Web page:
Commemorated around the world as the day slavery ended in the United States, Juneteenth is a day to reflect on Black Americans’ vibrant culture, enduring resilience and rich history. But the words of iconic author James Baldwin remind us of a conflicting narrative: Slavery never ended for Black people in America.
Laws known as the slave codes have persisted throughout history in altered forms, from state and local Jim Crow laws enforced after the Reconstruction era to the mass incarceration and police violence that continues to plague black communities.
America’s threat of a Black genocide, to “keep a nigger in his place.”
That’s what Baldwin said to a doting crowd on Jan. 15, 1979, at UC Berkeley’s Wheeler Hall Auditorium. It would be the second and final time he would speak at Berkeley prior to his death in 1987.
The 27-minute speech, “On Language, Race, and the Black Writer,” was one of many scathing post-civil rights movement critiques Baldwin delivered throughout the country about the treatment of black people in America — poignant sentiments that, more than 40 years later, are still hauntingly relevant.
“Baldwin was saying that the civil rights movement had been revoked, because Black people after 400 years were still being oppressed, and not valued like whites,” said Cecil Brown, a Berkeley alumnus and longtime lecturer who was in the audience in Wheeler Hall that night. “He was foretelling that a revolt was coming, an insurrection against a system that oppresses black people.”
Baldwin, who lived in France, saw Berkeley in the 1970s as an intellectual hub that gave the writer a place to express disdain for American society, said Brown, a longtime friend of Baldwin’s.
Brown remembers walking on campus with Baldwin during his 1979 visit, with the author sporting a jet-black suit, tan scarf and holding a long-stemmed rose. As Baldwin strolled through Doe Library, an affectionate crowd of students and faculty likened Baldwin to a “Black Oscar Wilde,” said Brown.
The night of Baldwin’s talk, the auditorium was abuzz with people laughing and enjoying themselves. “They were celebrating the fact that they were at the right place at the right time,” Brown said.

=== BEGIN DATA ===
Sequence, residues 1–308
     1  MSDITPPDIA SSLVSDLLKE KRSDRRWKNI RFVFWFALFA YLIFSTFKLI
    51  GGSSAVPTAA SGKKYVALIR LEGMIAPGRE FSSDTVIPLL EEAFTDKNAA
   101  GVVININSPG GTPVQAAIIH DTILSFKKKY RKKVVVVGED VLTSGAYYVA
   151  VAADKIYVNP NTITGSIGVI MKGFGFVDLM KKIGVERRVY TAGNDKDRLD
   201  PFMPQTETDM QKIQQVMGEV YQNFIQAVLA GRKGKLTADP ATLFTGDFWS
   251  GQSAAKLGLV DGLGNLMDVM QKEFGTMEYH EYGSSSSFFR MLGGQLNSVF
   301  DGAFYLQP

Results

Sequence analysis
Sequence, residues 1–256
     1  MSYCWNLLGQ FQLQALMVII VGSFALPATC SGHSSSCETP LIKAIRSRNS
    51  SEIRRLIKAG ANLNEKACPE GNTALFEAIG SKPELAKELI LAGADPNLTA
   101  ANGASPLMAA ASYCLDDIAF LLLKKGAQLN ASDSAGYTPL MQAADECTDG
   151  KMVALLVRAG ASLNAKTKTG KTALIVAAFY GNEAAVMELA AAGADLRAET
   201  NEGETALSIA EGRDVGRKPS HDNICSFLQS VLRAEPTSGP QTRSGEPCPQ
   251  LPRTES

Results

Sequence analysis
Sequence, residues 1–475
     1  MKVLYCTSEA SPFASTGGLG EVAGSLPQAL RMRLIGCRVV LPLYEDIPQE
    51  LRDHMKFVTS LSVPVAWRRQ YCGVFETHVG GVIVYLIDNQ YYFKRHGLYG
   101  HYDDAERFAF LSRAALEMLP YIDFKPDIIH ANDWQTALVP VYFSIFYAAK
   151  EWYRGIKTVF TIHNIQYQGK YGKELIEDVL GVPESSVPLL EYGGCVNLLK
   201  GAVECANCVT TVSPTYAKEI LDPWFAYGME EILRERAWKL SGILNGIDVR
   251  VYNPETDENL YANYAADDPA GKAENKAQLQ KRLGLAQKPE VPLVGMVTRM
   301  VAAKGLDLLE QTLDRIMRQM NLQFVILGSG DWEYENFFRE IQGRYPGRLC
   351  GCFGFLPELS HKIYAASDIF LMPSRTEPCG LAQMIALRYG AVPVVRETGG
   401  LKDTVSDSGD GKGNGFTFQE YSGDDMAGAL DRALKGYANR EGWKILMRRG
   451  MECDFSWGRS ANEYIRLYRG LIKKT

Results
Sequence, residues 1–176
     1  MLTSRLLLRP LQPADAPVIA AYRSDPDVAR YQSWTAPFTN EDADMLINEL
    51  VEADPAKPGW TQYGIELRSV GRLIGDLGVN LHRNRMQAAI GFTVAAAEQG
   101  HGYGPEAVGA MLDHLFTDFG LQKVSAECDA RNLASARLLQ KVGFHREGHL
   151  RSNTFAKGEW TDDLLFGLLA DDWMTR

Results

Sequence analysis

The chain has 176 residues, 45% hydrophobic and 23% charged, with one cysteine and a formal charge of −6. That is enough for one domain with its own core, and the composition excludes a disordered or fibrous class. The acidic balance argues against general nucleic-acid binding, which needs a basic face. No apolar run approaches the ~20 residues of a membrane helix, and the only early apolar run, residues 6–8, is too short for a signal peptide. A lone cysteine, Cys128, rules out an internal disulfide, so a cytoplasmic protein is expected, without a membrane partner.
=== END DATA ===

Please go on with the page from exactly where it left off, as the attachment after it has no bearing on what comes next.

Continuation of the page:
Baldwin’s oratory captivated the predominantly Black audience. They were so engaged, Brown said, that “you could hear a rat pissing on cotton.”
“The intentions of this melancholy country, as concerns black people, and anyone who doubts me can ask any Indian, have always been genocidal,” Baldwin, 54 at the time, told the crowd. “When you try to slaughter a people and leave them with nothing to lose, you create somebody with nothing to lose. If I ain’t got nothing to lose, what you gonna do to me?”
Baldwin’s words, heard in 2020, are strikingly prophetic.
On May 25, a white police officer in Minneapolis was captured on video using his knee to pin George Floyd, a Black man, to the ground for more than eight excruciating minutes until Floyd died. Protests against police violence and systemic racism have since sparked around the world in response to Floyd’s death and a whole host of other Black people who have died due to police brutality.
“If we had only listened, this was the slave revolt Baldwin spoke of that night,” said Brown. “Putting that knee on the neck of George Floyd, and killing him, was putting a knee on the neck of Black culture, of all Black people.”
“It’s symbolic in that way,” he added, “and Baldwin was trying to prevent this from happening.”